Friday, August 31, 2007
The California Supreme Court yesterday held (4-3) that "at least in some cases, the prohibition of classwide relief would undermine the vindication of  employees' unwaivable statutory rights [in this case, to overtime pay] and would pose a serious obstacle to the enforcement of the state's overtime laws." The court therefore held that class arbitration waivers "should not be enforced if a trial court determines . . . that class arbitration would be a significantly more effective way of vindicating the rights of affected employees than individual arbitration." In making such a determination, the trial court should consider (1) the size of the potential individual recovery, (2) the potential for retaliation against members of the class, (3) whether absent members of the class may be ill-informed about their rights, and (4) "other real-world obstacles to the class members' [statutory rights] through individual arbitration."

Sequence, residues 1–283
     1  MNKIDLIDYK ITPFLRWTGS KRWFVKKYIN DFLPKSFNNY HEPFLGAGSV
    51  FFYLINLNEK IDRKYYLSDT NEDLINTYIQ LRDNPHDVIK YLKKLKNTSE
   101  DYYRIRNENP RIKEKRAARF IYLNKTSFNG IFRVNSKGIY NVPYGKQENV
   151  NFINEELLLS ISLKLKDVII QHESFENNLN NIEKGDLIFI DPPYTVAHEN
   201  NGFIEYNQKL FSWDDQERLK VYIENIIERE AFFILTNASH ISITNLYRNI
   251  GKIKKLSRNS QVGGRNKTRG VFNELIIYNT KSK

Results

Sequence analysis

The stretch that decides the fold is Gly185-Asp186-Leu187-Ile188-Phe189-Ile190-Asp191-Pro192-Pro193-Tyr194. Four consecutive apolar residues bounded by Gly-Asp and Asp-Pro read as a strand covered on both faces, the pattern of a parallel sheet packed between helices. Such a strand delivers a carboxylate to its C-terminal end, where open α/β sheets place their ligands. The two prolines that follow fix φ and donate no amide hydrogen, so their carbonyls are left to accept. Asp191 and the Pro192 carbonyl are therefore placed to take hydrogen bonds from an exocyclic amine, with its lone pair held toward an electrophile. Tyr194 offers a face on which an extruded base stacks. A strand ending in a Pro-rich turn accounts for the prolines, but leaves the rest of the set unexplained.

The case is Gentry v. Superior Court, ___ Cal.Rptr.3d ___, No. S1415022007 (Aug. 30, 2007). The employer-in-interest was Circuit City.
My only quibble: the "at least in some cases" phrase.